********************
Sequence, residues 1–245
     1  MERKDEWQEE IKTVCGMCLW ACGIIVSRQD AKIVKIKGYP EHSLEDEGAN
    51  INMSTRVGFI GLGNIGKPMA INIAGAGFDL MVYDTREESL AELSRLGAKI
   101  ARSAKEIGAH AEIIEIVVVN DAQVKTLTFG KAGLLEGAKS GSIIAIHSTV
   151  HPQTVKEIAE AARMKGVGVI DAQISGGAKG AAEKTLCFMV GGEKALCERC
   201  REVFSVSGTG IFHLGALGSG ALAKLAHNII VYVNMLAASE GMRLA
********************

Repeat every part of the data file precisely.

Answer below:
Sequence, residues 1–245
     1  MERKDEWQEE IKTVCGMCLW ACGIIVSRQD AKIVKIKGYP EHSLEDEGAN
    51  INMSTRVGFI GLGNIGKPMA INIAGAGFDL MVYDTREESL AELSRLGAKI
   101  ARSAKEIGAH AEIIEIVVVN DAQVKTLTFG KAGLLEGAKS GSIIAIHSTV
   151  HPQTVKEIAE AARMKGVGVI DAQISGGAKG AAEKTLCFMV GGEKALCERC
   201  REVFSVSGTG IFHLGALGSG ALAKLAHNII VYVNMLAASE GMRLA